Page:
I am experiencing interference
There are many potential sources of interference to low-level radio signals, particularly in the urban and suburban environment. With a little care and research, it is generally possible to trace these, and for corrective action to be taken.
Where interference is experienced, you should proceed as follows
- Confirm you are not responsible
- Try to identify the source of the interference
- Consider speaking to the “owner” of the interfering equipment
- Tell the RSGB of your findings they will help prepare your case to Ofcom
Confirm you are not responsible
You should first check that the equipment in your own house is not the source of the interference. EMC Leaflet 4: Locating Sources of Interference to Amateur Radio Reception describes the steps you should take here.
Make a note of the amateur bands affected, and the strength of the interference as indicated on your S-meter. You might also like to record the interference level on some of the short-wave broadcast bands.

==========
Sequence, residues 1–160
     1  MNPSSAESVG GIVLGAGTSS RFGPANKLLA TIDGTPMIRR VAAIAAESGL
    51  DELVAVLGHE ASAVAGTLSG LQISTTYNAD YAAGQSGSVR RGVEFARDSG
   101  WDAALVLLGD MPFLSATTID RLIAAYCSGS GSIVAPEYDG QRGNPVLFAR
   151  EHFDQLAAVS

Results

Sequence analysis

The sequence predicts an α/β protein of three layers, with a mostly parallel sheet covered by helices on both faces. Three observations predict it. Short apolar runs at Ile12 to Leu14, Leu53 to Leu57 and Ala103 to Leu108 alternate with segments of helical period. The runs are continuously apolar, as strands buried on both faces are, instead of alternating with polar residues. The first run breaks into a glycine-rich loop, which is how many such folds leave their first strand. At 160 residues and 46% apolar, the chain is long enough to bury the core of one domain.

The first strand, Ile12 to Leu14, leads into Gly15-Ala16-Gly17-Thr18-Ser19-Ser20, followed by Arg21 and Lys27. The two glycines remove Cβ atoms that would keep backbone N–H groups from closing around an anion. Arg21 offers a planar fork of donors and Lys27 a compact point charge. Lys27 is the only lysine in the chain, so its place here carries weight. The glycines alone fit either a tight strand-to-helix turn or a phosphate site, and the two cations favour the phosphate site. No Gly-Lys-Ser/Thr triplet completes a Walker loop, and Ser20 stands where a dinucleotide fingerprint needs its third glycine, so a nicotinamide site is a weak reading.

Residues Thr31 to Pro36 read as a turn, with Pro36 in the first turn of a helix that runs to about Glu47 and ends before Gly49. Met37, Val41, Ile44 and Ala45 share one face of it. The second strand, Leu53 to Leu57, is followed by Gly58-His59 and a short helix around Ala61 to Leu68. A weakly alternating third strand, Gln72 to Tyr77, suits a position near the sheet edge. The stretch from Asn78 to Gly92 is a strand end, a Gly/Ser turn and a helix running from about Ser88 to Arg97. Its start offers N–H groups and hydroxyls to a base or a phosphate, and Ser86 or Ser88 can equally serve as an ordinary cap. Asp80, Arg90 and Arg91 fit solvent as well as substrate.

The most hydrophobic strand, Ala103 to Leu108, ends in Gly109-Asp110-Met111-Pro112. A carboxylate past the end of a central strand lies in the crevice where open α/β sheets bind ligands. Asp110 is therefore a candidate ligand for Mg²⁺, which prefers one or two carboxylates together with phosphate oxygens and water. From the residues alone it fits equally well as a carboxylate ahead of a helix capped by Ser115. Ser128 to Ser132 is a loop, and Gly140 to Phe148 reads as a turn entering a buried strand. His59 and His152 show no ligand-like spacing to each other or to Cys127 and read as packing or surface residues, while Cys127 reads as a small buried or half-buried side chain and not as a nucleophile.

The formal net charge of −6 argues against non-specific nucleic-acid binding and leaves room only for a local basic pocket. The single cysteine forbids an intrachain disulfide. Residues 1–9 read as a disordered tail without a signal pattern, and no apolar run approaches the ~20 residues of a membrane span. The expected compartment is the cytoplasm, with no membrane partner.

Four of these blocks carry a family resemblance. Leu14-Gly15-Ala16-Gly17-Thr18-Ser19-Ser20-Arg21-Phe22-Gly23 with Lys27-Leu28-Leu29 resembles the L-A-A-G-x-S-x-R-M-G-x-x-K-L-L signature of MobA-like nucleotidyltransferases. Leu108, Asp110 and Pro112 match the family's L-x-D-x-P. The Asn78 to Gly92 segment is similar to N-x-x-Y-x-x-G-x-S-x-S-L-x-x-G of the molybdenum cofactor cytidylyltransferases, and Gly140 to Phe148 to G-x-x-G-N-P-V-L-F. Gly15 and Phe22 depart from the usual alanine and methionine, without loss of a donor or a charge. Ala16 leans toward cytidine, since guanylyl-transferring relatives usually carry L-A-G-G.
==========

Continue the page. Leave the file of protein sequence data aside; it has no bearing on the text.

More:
Try to identify the source of the interference
This can be tricky. If you have a portable receiver which covers the affected frequencies, see if you can hear the interference on its internal antenna. If you have a directional antenna associated with your station, try rotating it to peak (or null) the interference. This should give you some idea of the direction of the source. Again EMC Leaflet 4: Locating Sources of Interference to Amateur Radio Reception provides more detailed guidance.
Consider speaking to the “owner” of the interfering equipment
This will depend on your relationship with that person. It may be that you can resolve the problem with a little cooperation from the person concerned. At the very least you will be able to confirm for sure that you have identified the correct source of the problem (remove its power source and make sure the interference ceases). But it may be difficult to go beyond that.
Tell the RSGB of your findings
Submit an interference report to the RSGB by clicking on the button below.
The RSGB cannot investigate every complaint, but may offer advice and assistance in preparing the information to submit to Ofcom. This has to be done in the correct way for it to be recognised as Harmful Interference.
Just as importantly, the database which we build up from problems will help us in our discussions with Ofcom on how to minimise the impact of RFI.
Please note: These pages are intended for members of the Radio Society of Great Britain, but are also available to non-members. Any information is given in good faith and the society cannot be responsible for any misuse or misunderstanding.